NPD figures were rather disappointing, reflecting a 15 percent decline in year-over-year sales. With the exception of Red Dead Redemption and Super Mario Galaxy 2, it appears gamers simply aren't buying as many games as they used to ... and, predictably, Wedbush Morgan analyst Michael Pachter has a theory.
The problem? Online games. According to Pachter, "the overall decline was due to a very large number of people playing multiplayer online games." With an estimated 12 million players spending 10 hours a week rampaging through Activision's shooter, Pachter argues that online games like Modern Warfare 2, Halo 3 and Bad Company 2 have "sucked the available time away from what otherwise would be spent playing newly purchased games."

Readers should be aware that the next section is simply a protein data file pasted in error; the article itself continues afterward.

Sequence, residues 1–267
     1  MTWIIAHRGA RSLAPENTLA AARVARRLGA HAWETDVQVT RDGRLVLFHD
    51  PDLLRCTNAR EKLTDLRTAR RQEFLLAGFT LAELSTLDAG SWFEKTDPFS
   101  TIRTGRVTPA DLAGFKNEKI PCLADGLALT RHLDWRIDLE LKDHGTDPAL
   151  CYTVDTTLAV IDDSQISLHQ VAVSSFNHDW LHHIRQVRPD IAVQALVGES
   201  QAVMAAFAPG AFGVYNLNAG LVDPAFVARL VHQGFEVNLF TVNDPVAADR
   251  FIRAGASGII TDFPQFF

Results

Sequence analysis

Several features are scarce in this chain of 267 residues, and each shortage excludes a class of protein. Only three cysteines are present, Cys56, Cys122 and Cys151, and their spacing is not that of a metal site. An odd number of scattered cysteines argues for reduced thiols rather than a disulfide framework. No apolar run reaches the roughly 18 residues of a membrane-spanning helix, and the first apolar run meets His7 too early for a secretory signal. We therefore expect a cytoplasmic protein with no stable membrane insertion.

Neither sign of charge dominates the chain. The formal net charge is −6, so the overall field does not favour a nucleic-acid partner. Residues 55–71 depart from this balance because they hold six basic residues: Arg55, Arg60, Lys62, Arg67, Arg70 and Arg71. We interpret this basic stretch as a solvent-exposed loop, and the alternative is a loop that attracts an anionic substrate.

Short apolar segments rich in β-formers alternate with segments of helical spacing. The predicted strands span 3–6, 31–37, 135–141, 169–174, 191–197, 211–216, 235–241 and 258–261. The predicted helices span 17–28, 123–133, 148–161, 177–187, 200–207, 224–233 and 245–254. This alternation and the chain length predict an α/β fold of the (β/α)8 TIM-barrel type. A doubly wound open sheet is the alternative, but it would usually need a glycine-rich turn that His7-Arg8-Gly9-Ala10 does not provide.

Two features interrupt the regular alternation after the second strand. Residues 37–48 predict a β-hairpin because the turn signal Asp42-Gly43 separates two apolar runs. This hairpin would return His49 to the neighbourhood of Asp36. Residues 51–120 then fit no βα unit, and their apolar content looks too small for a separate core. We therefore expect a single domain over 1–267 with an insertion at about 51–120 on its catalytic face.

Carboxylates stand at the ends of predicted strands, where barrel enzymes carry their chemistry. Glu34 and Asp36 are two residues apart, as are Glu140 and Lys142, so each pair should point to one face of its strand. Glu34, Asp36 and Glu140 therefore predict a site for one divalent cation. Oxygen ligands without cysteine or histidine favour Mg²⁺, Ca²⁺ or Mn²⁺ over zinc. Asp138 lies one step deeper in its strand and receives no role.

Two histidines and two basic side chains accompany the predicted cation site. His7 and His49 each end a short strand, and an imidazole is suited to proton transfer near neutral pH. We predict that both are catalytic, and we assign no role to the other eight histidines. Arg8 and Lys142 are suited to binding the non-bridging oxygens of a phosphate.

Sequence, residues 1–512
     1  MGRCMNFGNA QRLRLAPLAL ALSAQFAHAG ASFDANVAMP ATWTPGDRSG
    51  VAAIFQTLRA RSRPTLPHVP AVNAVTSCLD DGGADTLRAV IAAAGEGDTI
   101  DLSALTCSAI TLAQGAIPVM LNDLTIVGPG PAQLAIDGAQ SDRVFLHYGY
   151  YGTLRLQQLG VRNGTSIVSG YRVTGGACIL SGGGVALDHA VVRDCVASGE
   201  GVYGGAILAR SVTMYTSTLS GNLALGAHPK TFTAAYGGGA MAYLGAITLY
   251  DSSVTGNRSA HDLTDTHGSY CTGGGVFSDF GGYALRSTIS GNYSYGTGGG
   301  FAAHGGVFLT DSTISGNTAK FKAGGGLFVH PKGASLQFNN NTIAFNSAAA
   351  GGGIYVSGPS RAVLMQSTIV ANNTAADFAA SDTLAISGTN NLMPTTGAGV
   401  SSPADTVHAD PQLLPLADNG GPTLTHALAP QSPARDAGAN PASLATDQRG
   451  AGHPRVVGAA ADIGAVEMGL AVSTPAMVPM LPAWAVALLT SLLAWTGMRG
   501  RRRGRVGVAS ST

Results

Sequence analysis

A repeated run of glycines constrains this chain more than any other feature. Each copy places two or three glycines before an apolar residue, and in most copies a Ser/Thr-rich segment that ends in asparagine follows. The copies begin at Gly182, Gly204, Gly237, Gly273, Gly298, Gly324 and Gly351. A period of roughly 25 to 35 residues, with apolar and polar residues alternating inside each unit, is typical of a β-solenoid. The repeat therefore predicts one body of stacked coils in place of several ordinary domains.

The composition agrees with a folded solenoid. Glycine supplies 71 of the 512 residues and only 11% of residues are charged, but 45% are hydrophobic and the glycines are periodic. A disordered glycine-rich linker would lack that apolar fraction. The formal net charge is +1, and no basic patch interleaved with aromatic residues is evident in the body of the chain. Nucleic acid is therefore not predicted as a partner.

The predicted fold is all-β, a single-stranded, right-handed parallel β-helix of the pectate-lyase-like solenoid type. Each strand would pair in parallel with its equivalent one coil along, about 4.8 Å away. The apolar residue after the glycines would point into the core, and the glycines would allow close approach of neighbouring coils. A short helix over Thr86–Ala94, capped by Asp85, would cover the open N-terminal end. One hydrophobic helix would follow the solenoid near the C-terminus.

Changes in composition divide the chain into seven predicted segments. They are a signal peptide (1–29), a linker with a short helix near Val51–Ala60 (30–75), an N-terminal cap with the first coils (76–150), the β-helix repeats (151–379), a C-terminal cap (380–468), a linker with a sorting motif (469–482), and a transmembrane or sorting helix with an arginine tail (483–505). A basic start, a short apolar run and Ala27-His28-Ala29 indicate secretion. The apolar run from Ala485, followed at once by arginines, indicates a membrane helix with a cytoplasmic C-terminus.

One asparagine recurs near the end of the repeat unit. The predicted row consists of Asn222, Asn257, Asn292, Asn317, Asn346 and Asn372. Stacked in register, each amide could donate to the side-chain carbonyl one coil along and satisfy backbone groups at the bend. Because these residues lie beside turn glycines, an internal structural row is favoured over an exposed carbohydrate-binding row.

While there are many other factors to consider -- the still-sluggish economy, the declining sales of key Wii software (a la Wii Play) -- Pachter's point does seem to have some merit. Unfortunately, his publisher-centric solution is unlikely to win him many fans among gamers. The "monetization of multiplayer," as he describes it, would have publishers figuring out some method to charge gamers to play online. It's a risky proposition that could bear some terrible consequences, but the current model is, as Pachter puts it, "devastating for publishers and shareholders, who are seeing sales and profits decline."